Last week’s simultaneous DDoS cyber-attack on major US websites from Twitter to New York Times, exposed the serious vulnerability for those with cloud based Risk & Compliance solutions. It looks like some people may be cutting off the branch they are sitting on!
The regional areas affected by last week's cyber attack on the internet's infrastructure. Although publicity focused on name sites, any site on that network would have been taken down..
FastTrack Risk Management Data Sheet
As I have written about many times, the primary reason for implementing risk and compliance solutions, from ERM to GRC, is for resilience, i.e. as a decision making tool for handling adverse events. But what use is it if the event itself makes your risk management system inoperable!
The real Cyber Risk
Without getting too technical, what happened in last week’s cyber-attack is what is known as a distributed denial of service or DDoS. Hackers used 100,000’s of previously infected personal “internet of things” (IoT) devices, such as web cameras, baby monitors and home routers, to flood not the major websites themselves but the internet traffic management servers, thereby taking down the network. You can read more about it in the New York Times article “Hackers Used New Weapons to Disrupt Major Websites Across U.S”. Although publicity focused on name sites, any site on that network would have been taken down.
Gartner, the world’s foremost authority on the subject, estimates that there will be 6.4 billion IoT devices by the end of 2016. With this number of potentially available resources, in private unsecure hands, the likelihood of similar future attacks, like the odds of life on other planets, is almost guaranteed. Whether for criminal purposes of ransom, commercial espionage, state-based economic cyber-warfare, or even just malicious student hackers, with the internet what is possible is likely. Undoubtedly, the hacked personal IoT IP addresses, like credit card numbers, will be traded on the “dark net” for any or all of these parties to access.
To Cloud or not to Cloud
Accepting this as the new world order, brings us back to the initial question, “Is Cloud based Risk Management worth the Risk?”. The simple answer, as with any commercial decision, is a matter of risk verses cost benefit. If predominantly your business involves dealing with people on a personal level, not requiring real-time internet access to operate, then Yes, the cost benefit of a cloud service for risk and compliance management provides a low cost – high value solution without a serious business risk resulting from a DDoS cyber-attack.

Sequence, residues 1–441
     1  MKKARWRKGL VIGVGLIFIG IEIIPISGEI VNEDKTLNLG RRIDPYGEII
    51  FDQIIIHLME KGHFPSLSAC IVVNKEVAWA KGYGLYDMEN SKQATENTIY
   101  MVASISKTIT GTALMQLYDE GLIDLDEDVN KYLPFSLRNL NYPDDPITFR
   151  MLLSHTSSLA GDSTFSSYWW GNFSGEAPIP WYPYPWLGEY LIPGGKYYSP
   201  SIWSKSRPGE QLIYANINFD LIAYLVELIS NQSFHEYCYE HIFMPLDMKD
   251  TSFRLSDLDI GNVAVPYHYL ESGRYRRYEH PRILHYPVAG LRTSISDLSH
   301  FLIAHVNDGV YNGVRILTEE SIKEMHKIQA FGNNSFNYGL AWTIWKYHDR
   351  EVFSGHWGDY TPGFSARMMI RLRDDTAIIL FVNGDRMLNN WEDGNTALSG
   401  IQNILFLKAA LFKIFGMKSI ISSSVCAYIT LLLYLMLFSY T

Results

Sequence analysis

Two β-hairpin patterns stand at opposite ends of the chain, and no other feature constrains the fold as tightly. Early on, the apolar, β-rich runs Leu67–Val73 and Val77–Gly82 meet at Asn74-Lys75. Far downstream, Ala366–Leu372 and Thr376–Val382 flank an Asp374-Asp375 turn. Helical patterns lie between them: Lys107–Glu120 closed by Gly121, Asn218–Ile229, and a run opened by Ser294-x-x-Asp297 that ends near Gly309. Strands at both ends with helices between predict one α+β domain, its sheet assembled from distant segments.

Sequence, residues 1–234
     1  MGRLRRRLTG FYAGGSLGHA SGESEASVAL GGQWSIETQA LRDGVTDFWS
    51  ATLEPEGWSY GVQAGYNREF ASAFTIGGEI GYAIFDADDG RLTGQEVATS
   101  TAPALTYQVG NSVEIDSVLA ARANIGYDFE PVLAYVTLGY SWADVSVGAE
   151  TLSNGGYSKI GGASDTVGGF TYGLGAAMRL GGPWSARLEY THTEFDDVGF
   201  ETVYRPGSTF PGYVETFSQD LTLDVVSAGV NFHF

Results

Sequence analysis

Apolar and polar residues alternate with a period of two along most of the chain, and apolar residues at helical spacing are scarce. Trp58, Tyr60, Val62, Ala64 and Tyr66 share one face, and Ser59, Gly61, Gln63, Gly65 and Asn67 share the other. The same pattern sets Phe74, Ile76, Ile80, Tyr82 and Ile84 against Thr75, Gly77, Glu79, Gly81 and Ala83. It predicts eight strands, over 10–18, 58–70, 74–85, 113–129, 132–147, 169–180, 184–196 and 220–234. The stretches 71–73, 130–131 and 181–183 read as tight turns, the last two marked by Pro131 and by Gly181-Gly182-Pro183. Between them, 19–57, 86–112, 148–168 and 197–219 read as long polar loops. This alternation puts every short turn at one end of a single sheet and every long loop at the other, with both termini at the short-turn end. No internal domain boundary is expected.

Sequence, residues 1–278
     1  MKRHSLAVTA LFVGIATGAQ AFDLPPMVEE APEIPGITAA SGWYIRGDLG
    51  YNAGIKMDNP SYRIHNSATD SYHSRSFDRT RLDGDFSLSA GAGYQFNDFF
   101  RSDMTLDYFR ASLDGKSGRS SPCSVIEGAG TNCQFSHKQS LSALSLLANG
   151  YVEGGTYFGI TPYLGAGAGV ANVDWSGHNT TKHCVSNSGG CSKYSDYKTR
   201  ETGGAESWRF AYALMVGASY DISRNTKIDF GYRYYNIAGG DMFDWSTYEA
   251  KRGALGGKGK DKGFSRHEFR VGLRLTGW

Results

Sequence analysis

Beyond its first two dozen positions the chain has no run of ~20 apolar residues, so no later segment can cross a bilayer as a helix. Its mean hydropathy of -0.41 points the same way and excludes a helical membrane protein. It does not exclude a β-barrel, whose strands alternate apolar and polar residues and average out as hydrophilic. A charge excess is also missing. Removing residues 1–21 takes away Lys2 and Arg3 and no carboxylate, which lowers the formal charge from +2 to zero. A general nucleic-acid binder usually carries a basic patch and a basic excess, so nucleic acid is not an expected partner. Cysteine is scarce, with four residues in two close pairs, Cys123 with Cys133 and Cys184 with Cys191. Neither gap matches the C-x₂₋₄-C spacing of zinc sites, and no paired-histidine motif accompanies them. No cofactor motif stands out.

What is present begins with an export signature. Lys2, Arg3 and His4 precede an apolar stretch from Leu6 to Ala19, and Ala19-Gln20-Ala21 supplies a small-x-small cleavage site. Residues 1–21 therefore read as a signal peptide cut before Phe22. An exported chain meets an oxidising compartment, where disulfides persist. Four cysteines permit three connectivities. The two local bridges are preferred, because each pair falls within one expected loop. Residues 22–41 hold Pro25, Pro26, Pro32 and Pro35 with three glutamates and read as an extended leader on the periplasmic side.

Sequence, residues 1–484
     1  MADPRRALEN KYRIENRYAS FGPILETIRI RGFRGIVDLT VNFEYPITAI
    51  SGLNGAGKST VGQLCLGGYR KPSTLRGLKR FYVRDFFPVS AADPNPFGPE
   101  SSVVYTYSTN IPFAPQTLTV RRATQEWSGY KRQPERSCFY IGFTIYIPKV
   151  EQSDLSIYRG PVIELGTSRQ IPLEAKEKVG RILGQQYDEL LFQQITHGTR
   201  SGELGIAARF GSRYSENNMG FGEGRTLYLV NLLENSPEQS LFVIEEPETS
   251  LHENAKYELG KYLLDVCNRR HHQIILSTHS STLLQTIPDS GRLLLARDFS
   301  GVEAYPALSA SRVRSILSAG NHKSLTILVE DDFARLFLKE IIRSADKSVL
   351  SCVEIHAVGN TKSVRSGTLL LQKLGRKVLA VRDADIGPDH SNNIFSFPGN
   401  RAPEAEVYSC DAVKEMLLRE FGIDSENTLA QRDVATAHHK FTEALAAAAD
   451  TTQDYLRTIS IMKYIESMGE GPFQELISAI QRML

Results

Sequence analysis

If on the other hand, the operation of your business is reliant on the internet, e.g. e-commerce, equipment monitoring, or situational awareness, and therefore vulnerable to a significant Denial of Service, then NO, it is absolutely not worth the risk. Having your emergency management information and tools in the same basket is obviously an unwise strategy that WILL come back to haunt you. You wouldn't have your backup power supply coming from the power grid!
It is worth taking a minute to evaluate your objectives in any IT purchase and not just following the lemming march that appears to characterise the current rush to cloud solutions. Even with the “mass production” innovation 100 year ago, high value product requiring a low fault tolerance still remained hand made until the recent advent of commercial robotics. Even good technologies need to be fit for purpose.
Understanding “The China Syndrome”
To date most arguments on whether or not to go cloud, have been around the issues of the security and confidentiality of data and systems. As Jack Godell (Jack Lemon) says in The China Syndrome "that's not the problem" when arguing with nuclear power nay-sayers. If you go with a major hosting provider, avoiding backyard providers and software providers hosting their own solutions, security of data in the cloud is not the issue. Outside data sovereignty issues, they will most likely outrank all but Dept of Defence security.
But infrastructure, including power and telecom components, are the proverbial weak link. Lack of access, like lack of power in a crisis condition renders you defenceless. Like all infrastructure issues, they have multiple points of failure, multiple levels of ownership/responsibility and varying degrees of security. They are also subject to enviromental and supply issues as well as cyber-attacks anywhere between their source and your consumption.
Mitigating your cyber risk
As stated earlier, for many the cloud can be the right decision and an effective solution given the appropriate due diligence on being fit-for-purpose. I'm not suggesting to throw the baby out with the bath water. All I am advocating is that you seriously look at your real needs and consider if it is really right for you.
If you feel a cloud solution is necessary, for any application not just risk and compliance, then how can you minimise your internet infrastructure risk? Next week I will cover my top suggestions on mitigating your internet hosted risk.
NOTE: Fast Track provides the same risk management software for both On-Premise and Cloud solutions. We don't have a vested interest in either platform.
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